Like all MQB qualifications, he is specifically required to have a minimum number of days working at the face of a UK coal mine and nowhere else. This specifically excludes individuals qualified under schemes such as the South African Chamber of Mines or its Australian equivalent.

The syllabus for the practical exam appeared to me, to have been written in the late 1970s and never updated.

MQB also exclude other management qualifications on the same basis.


I'd be curious to hear more regarding the blasting incident. It was, at one time, common practice in hard rock mines to split rocks ( usually on the grizzly ) using ad-hoc charges consisting of slices of a stick of blasting gel, typically moulded into place and ignited with a detonator or simply a hammer blow. These slices would be two or three times the thickness of a coin.

I haven't seen this done since the 1970s, and even then it was rare.


I haven't seen black powder used in a commercial mine, although I have seen it used for small controlled blasts such as splitting brickwork away from concrete during demolition. It is used in considerable quantities in firework manufacture and by enthusiast groups such as the Sealed Knot.

Whether it is still used for dimensional stone or slate, I have no knowledge


Black powder does not, in fact, explode when ignited in a loose condition ( this was demonstrated recently on the "Mythbusters" programme ) but produces a flash and lots of smoke. Nor does it require detonators, but is simply ignited using a fine-grain powder made for the purpose.


Six sticks of gel in an untamped, unconfined detonation would produce a great deal of noise and a considerable shock wave, but little effective rock-breaking force






--

''the stopes soared beyond the range of our caplamps' - David Bick...... How times change .... oh, I don't know, I've still got a lamp like that.
IP: 86.30.241.199
Ty Gwyn

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Big Pit Blaenafon: mine manager post advertised
Posted: 08/10/2011 00:39:19
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derrickman wrote:










I'd be curious to hear more regarding the blasting incident. It was, at one time, common practice in hard rock mines to split rocks ( usually on the grizzly ) using ad-hoc charges consisting of slices of a stick of blasting gel, typically moulded into place and ignited with a detonator or simply a hammer blow. These slices would be two or three times the thickness of a coin.

I haven't seen this done since the 1970s, and even then it was rare.

This process was common in a lot of the Smallmines i worked in,a Splasher we called it,if a stone came down with the tophole,and was to big to manhandle,one would mark out a small hole in the stone with a Mandrel or the Puncher,and depending on the size of the stone,cut a piece of the Gel stick around an Inch,and press into small indentation,place in Det,and cover over with a good wad of Clay to seal,and place a good size stone on top,as charges sealed like this ,when fired,the force goes downwards.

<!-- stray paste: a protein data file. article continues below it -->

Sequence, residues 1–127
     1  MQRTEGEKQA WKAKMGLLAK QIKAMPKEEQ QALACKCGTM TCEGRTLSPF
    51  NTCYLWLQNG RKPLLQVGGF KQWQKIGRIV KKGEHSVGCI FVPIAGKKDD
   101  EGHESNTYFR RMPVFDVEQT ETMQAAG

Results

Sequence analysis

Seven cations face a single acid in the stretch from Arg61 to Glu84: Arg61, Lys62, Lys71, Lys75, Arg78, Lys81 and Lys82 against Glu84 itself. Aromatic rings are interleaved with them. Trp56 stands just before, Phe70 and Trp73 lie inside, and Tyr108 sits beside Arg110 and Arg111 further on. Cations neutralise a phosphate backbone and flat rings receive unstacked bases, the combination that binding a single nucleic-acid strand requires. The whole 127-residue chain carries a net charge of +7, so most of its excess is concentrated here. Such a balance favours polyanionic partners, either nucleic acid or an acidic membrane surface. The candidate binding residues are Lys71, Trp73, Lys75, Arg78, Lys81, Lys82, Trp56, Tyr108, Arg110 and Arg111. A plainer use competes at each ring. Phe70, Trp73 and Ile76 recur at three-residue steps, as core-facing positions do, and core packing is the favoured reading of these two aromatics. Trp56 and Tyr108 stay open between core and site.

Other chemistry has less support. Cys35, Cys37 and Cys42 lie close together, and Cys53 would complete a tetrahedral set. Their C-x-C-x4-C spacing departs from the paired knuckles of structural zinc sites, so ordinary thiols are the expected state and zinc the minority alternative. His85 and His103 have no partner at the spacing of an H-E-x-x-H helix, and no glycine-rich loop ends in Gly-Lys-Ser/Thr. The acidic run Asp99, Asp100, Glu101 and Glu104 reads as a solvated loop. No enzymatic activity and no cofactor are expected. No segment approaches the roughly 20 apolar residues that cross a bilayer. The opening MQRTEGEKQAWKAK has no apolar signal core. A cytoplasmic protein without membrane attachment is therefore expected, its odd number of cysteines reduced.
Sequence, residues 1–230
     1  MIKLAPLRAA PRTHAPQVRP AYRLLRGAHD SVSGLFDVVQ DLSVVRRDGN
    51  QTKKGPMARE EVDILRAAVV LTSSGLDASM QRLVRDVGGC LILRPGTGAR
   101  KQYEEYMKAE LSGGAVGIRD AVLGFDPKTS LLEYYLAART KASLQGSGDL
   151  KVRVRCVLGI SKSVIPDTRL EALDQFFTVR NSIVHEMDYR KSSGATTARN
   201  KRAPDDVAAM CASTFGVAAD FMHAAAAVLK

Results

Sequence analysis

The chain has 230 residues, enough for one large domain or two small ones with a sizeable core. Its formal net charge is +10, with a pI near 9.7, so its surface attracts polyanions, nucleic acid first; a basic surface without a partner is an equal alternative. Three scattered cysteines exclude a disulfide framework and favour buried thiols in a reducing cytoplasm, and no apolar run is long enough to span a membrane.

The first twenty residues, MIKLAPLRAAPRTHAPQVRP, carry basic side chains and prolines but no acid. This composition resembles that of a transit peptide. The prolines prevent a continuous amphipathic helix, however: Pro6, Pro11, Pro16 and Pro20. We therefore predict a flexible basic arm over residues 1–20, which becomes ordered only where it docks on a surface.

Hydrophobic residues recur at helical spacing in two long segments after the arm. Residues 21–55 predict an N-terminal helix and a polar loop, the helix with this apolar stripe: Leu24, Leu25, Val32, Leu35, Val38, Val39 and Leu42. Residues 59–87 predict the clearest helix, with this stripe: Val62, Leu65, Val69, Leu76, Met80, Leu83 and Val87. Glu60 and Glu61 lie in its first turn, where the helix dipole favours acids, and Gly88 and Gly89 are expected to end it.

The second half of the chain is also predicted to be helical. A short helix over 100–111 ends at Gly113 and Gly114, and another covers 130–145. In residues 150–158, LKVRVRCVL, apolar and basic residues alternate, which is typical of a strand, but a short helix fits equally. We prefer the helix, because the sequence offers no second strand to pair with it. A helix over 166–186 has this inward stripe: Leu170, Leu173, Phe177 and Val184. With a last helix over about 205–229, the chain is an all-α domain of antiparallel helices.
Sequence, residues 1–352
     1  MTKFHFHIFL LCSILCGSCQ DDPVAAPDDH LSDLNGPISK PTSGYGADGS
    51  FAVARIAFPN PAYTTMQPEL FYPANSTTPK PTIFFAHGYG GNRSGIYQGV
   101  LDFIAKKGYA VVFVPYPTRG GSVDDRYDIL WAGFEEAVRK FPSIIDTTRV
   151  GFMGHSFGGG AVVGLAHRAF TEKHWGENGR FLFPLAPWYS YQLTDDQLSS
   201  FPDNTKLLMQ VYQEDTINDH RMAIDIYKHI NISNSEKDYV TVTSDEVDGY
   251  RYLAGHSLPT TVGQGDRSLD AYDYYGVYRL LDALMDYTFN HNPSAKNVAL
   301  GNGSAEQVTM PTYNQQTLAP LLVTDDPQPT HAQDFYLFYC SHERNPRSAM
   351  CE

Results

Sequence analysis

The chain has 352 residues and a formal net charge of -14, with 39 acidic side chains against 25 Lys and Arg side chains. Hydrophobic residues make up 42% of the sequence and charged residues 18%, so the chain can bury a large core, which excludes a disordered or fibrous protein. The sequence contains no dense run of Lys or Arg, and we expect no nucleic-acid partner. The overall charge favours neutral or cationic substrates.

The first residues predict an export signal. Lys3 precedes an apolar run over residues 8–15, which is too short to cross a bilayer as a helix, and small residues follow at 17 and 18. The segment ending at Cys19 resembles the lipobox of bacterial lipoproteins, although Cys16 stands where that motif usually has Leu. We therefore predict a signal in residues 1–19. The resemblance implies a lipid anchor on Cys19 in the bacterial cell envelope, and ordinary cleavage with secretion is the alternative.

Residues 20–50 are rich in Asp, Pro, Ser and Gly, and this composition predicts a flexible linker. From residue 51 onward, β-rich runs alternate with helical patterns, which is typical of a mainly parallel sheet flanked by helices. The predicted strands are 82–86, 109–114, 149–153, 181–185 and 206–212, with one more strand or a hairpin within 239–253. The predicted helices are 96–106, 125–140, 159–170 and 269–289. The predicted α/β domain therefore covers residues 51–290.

I agree,6 sticks placed on top would make a deafening bang,raise a lot of dust,and ****** all else.



Black powder does not, in fact, explode when ignited in a loose condition ( this was demonstrated recently on the "Mythbusters" programme ) but produces a flash and lots of smoke. Nor does it require detonators, but is simply ignited using a fine-grain powder made for the purpose.

Fuses were used to ignite Black Powder when used in Coalmines,would imagine same in other mines and quarries.






IP: 217.43.127.209 Edited: 08/10/2011 00:40:35 by Ty Gwyn
derrickman

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Big Pit Blaenafon: mine manager post advertised
Posted: 08/10/2011 07:08:59
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I've never seen black powder used in a commercial mine so I don't know how it would have been ignited. Orwell refers to "blasting powder" in "Down The Mine" ( describing events set in 1935-7 ) http://gutenberg.net.au/ebooks03/0300011h.html#part5 but whether he actually means powder as opposed to blasting gel isn't clear, he certainly describes electric initiation.

Description here http://www.greatnorthroad.org/bboard/message.php?id=5205 of using det cord and cheesa sticks in South Africa in the 1960s. Wilbur Smith describes the same process in "Gold Mine" which is based on details observed in the 1960s.

When I got to Cornwall in the early 1970s initiation was electric, I would think it became the norm along with the general re-opening of Cornish mines in the early-to-mid 1960s but I wouldn't be 100% on that.


Returning to appointment of Mine Managers in miscellaneous mines, although there are few specific requirements under MASHAM or the previous M&Q legislation, most mines would be worked by groups such as British Gypsum, British Steel or ARC with internal training schemes based on NCB practice where relevant. A lot of management would be drawn from the general pool of NCB-trained personnel, along with a lot of the staff at contractors.

The Cornish mines were probably the main exception to that, with practices drawn from South African and Canadian experience and management who were mostly CSM or RSM graduates.

Apart from anything else, the Mine Manager would be subject to HMIM approval.



--

''the stopes soared beyond the range of our caplamps' - David Bick...... How times change .... oh, I don't know, I've still got a lamp like that.
IP: 86.30.241.199
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Big Pit Blaenafon: mine manager post advertised
Posted: 08/10/2011 16:54:08
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When I was a mining student in the 1970's, the mechanical and electrical boys were only with us until the end of OND.
After that they went to do their own HND or HNC depending on the strength of their OND marks.
I don't know how much mining stuff they did but our HND certainly had loads of electrical and mechanical!
I doubt they did the pure mining stuff like ventilation, explosives, etc though.
Like surveyors, electrical and mechanical engineers would know a lot about mining overall but each fullfils a specialist role.
Likewise, a Manager is not qualified to do their jobs.